It should be noted the governor is not entirely locked into the candidates he has now, because he has the option of requesting a new list from the Judicial Nominating Commission. Simpson wants him to, but there were no clues forthcoming about Markell's thinking from Meredith Stewart Tweedie, the governor's chief legal counsel.

"It [the judicial vacancy] wasn't posted as Kent County-specific, because it's not a constitutional requirement, but he is certainly aware of that issue," Tweedie said.

Markell is expected to send his choice to the state Senate to be considered in March, after the legislature returns to Dover from its annual winter break for budget hearings.

It is hard not to wonder if politics could also be mixed up in this predicament, because this judicial opening is one of the scarce times when it could go to a Democrat or a Republican.

The state constitution is supposed to take out the politics by requiring the court system to be politically balanced, so usually it means a Democrat like John Noble would be replaced by another Democrat, but his departure leaves Chancery evenly split with two Democrats (Bouchard and Tamika Montgomery-Reeves) and two Republicans (Travis Laster and Sam Glasscock III.)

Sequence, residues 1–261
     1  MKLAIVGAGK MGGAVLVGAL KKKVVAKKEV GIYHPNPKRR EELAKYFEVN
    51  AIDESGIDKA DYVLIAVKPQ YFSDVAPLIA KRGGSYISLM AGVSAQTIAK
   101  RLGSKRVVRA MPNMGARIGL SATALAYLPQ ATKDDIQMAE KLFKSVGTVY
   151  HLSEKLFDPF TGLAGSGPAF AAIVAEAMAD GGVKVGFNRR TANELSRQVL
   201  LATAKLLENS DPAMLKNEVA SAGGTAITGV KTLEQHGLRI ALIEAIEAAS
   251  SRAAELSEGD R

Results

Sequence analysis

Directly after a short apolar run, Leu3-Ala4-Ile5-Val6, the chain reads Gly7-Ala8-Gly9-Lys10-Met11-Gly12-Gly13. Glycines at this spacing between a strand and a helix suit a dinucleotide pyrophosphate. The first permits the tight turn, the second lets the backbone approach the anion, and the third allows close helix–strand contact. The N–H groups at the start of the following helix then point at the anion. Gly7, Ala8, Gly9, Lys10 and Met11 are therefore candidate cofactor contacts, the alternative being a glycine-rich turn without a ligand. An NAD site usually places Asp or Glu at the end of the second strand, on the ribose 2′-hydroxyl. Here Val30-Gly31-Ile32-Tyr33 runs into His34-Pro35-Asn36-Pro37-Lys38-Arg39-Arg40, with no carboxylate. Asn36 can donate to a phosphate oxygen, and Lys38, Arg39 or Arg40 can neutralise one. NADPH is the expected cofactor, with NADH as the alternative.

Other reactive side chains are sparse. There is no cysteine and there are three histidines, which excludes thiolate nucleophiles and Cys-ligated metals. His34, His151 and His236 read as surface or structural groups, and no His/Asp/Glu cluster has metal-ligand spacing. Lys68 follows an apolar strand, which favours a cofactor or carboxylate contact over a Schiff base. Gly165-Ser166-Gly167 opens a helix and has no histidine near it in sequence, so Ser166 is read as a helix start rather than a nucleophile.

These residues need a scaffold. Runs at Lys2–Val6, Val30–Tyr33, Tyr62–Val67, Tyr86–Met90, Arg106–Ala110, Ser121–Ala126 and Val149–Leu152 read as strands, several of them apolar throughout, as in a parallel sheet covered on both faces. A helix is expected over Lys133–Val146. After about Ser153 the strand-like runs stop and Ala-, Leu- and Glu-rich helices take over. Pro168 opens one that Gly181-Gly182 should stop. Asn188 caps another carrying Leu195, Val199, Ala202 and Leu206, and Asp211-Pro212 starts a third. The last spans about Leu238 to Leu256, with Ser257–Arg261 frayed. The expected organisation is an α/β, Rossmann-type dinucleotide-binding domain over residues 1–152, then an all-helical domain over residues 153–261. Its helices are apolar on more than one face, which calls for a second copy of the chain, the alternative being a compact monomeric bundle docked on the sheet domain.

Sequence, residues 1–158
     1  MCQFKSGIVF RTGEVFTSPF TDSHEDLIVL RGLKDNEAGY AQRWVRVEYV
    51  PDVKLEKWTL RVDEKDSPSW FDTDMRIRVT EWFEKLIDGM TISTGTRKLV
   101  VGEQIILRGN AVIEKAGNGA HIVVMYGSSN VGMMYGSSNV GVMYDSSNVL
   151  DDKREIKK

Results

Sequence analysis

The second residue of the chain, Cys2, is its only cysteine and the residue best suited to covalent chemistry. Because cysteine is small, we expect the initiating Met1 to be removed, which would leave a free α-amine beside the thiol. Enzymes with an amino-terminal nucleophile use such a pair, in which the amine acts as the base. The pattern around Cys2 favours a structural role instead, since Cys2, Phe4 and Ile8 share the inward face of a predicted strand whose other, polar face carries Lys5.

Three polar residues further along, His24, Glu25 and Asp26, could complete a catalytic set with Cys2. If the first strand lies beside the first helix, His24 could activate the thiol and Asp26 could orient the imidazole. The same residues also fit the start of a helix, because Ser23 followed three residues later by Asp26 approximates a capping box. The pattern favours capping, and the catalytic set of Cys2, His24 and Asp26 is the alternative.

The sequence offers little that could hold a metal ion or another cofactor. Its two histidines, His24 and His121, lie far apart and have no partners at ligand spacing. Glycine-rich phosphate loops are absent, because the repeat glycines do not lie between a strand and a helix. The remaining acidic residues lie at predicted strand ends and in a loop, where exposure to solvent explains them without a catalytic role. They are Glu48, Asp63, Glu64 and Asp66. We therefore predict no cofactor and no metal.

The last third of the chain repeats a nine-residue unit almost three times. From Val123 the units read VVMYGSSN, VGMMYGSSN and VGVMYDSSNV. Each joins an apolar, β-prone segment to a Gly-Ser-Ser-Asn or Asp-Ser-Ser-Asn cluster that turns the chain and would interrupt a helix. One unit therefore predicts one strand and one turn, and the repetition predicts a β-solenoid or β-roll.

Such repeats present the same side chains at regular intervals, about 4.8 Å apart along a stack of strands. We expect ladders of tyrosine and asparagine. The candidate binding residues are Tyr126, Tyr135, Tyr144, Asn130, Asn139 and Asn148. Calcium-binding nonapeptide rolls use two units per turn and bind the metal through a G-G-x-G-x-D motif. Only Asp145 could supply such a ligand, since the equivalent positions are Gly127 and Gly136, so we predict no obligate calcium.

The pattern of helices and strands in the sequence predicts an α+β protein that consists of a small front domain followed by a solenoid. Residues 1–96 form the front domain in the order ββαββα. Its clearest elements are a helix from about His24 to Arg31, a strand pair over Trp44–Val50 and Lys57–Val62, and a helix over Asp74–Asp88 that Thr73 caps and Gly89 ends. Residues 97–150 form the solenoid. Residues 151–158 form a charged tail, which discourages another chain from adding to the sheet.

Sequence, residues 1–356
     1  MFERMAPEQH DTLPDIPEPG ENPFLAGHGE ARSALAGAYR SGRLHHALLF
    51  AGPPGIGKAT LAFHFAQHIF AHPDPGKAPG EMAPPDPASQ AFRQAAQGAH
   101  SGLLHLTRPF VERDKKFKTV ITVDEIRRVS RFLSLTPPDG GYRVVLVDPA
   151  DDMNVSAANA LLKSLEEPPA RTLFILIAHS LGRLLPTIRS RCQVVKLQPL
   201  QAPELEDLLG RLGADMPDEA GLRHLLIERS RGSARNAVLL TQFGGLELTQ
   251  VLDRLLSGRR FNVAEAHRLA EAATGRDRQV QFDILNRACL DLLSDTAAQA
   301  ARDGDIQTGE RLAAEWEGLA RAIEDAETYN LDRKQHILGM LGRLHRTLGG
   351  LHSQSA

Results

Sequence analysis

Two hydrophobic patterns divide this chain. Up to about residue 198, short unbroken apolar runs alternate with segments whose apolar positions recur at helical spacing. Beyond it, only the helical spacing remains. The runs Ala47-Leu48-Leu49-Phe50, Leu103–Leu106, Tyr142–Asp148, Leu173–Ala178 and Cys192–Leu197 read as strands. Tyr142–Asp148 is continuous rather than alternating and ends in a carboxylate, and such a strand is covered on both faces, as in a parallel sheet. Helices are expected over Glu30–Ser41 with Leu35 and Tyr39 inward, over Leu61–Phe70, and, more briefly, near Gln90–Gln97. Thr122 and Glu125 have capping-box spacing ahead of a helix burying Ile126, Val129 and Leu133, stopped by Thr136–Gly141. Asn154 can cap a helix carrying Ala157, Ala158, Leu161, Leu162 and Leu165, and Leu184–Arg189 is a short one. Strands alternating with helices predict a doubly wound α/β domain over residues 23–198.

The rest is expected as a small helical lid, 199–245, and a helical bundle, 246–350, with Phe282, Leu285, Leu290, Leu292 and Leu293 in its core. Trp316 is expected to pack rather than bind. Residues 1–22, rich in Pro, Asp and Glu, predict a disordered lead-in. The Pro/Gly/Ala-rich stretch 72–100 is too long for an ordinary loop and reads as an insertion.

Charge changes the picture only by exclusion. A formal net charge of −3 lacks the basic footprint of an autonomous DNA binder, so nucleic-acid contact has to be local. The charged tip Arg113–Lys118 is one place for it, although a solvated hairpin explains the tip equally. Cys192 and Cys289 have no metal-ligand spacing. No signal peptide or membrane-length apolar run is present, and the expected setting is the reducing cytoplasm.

Welch is a Republican. The governor is a Democrat. The state Senate is Democratic.

Slights is a Democrat. As for Friedlander, the other Chancery finalist, he is a Democrat who used to be a Republican. Oops.

Not only is there this complication over what a "real" Kent Countian is, there can be another one over what a "real" Democrat is.

Not only was Friedlander a Republican, he did a turn as the president of the Delaware chapter of the Federalist Society, a club for conservative lawyers. He switched his party affiliation to Democrat in 2012, as state voter registration records show.

His political preferences are described as having evolved, as have his campaign contributions, which are written these days to people like Markell as well as Chris Coons, the Democratic senator, and Matt Denn, the Democratic attorney general.

Kent County has had its ups and downs with judgeships of late. For a while there, it could count on getting more than its customary share because of Ruth Ann Minner, the last governor, who was a Kent County Democrat.

Minner made Myron Steele, also a Kent County Democrat, the chief justice, and she also took away a New Castle County seat on the five-member Supreme Court to give it to Henry duPont Ridgely, a Kent County Republican. She named Jim Vaughn Jr., a Kent County Democrat, as the president judge of the Superior Court.

Then came a fade. Steele retired as chief justice and was replaced by Leo Strine Jr., a New Castle County Democrat. Ridgely moved to Sussex County before his retirement. Kent County only got a seat on the Supreme Court again when Markell appointed Vaughn as a justice.

It has left Kent County chasing its glory days and defending what a "real" Kent Countian is.

Typical Delaware. It is a place where people think that not only can the boy be taken out of the county, but the county can be taken out of the boy.